How MediEvil Remake Captures The Original’s Intended Vision
From the beginning, Other Ocean was determined to make the game the original creators always wanted. So, they began by bringing back original creators Chris Sorrell (original creative director) and Jason Wilson (Original lead artist and programmer). They directed and provided feedback on multiple aspects of the game, including art and gameplay, while offering insight into a vision that was previously impossible. “Looking at original source material, like concept art, reveals a richer world than the original PlayStation could handle,” Nachbaur explains. The original, with its polygonal limitations, relied upon the audience’s “imagination to fill in the gap.”
MediEvil always had a dark tone but some of its edgier elements were blunted by weak hardware. With the power of the PS4, Other Ocean “brings dark elements to the forefront,” allowing the macabre humor to shine. This is evident just in the game’s opening. Depicting a town of innocents transforming into murderous husks, the cutscene is a traumatizing event. However, on the PSOne, the towns-folk look like voodoo dolls. There’s certainly a charm, and the art team did wonders for the time, but it does not capture the intensity of what occurs. Fast forward twenty years and the presence of knife-wielding children is not just implied; it’s boldly depicted – capturing shocking horror and ridiculous hilarity simultaneously.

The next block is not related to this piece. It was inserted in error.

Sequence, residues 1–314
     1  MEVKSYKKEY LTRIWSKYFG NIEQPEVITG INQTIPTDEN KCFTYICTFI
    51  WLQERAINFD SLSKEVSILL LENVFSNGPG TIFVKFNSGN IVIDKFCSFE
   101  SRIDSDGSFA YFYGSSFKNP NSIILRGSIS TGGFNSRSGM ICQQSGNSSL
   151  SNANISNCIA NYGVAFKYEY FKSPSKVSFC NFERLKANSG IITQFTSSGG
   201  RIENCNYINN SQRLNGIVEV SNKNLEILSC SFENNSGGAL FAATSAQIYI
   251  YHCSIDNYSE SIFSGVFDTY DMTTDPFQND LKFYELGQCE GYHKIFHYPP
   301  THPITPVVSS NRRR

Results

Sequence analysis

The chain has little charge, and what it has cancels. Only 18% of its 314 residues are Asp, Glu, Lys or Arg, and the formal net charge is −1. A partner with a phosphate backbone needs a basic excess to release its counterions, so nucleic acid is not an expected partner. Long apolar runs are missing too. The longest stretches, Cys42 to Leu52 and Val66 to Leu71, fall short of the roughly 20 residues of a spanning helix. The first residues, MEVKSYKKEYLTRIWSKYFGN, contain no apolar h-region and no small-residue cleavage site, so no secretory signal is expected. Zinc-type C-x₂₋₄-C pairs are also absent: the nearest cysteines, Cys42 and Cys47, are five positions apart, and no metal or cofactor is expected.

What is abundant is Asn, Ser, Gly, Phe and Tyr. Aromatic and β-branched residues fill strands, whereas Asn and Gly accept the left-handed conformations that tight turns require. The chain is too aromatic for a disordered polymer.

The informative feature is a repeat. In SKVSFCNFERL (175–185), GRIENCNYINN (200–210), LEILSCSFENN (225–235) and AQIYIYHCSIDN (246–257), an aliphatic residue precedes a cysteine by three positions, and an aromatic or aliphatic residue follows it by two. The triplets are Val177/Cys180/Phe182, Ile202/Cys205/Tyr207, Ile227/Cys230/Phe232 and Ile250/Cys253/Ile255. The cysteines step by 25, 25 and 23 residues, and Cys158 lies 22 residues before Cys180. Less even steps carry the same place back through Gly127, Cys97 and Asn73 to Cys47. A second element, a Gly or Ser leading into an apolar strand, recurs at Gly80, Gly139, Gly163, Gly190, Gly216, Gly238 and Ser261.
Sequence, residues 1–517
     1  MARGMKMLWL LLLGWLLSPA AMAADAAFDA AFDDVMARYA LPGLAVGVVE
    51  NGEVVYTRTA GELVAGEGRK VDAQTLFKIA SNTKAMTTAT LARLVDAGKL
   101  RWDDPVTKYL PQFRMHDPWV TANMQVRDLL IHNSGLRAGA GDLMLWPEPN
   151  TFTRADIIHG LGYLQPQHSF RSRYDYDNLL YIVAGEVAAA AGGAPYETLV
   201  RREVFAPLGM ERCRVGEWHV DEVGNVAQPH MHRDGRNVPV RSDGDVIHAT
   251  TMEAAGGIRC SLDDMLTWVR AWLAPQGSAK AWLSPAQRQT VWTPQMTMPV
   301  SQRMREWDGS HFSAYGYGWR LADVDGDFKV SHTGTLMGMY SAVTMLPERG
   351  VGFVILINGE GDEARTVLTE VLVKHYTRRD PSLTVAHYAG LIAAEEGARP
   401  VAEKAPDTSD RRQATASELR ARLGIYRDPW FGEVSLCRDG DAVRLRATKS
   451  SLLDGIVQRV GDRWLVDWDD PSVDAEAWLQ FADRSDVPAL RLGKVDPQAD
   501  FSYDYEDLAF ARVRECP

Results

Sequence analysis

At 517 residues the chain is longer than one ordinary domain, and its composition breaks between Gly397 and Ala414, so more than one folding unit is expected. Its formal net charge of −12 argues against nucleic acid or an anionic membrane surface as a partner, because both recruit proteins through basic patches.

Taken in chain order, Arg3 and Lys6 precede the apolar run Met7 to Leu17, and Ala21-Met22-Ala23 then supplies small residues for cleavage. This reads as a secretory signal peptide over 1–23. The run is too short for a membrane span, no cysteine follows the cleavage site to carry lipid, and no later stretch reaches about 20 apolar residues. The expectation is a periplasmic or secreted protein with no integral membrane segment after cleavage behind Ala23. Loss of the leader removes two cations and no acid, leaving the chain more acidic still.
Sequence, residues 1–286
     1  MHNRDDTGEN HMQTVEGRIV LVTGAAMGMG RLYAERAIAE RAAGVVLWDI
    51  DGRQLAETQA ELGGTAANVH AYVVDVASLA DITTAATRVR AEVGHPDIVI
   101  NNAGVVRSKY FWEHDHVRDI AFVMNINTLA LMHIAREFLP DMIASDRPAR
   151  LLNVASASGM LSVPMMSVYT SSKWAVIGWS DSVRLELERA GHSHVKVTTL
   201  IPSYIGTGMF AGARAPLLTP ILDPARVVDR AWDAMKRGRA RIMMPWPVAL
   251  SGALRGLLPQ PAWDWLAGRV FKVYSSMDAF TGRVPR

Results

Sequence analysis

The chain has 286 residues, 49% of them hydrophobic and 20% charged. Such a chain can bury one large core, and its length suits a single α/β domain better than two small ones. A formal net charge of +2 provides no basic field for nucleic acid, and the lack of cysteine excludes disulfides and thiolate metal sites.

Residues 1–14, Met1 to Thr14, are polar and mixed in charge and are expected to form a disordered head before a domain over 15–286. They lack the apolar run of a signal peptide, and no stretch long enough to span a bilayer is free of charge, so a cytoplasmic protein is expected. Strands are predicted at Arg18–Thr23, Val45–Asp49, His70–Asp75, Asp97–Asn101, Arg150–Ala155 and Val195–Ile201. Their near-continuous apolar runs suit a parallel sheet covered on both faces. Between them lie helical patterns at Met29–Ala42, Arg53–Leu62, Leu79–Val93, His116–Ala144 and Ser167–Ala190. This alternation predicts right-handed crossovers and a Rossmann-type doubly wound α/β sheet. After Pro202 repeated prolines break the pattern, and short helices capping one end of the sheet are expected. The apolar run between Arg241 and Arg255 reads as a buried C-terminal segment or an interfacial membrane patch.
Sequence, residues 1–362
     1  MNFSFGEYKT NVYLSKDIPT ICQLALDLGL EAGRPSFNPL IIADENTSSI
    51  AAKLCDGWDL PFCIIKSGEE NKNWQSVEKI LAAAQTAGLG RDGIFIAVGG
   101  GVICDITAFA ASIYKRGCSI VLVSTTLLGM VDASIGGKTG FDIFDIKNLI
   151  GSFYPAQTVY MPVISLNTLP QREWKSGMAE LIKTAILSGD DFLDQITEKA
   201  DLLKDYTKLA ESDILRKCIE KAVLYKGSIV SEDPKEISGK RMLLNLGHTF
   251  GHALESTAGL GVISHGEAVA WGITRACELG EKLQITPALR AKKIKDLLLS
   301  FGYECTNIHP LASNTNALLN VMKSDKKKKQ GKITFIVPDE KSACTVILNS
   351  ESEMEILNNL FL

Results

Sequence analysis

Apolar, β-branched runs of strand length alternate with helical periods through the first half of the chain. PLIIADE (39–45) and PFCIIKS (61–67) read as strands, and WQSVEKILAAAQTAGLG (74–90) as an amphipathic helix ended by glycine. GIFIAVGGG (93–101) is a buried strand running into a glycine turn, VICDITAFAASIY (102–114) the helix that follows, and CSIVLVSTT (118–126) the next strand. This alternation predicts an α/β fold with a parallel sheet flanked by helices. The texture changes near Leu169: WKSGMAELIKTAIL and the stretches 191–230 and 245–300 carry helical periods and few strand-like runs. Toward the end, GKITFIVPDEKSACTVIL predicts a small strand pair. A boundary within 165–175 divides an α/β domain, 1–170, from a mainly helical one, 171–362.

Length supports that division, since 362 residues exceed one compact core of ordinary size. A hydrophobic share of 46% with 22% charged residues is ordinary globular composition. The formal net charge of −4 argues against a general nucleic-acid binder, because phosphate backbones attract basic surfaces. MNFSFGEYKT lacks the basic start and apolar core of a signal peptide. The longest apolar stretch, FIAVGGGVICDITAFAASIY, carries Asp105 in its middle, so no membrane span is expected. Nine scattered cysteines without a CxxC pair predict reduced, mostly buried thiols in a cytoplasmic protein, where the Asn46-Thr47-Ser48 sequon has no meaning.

The MediEvil remake also pays appropriate justice to the original’s classic score, with composers Paul Arnold and Andrew Barnabas returning to oversee the game’s sound design. They re-recorded the original music with a full orchestra and reviewed the entire game once finished to fine tune the sound effects.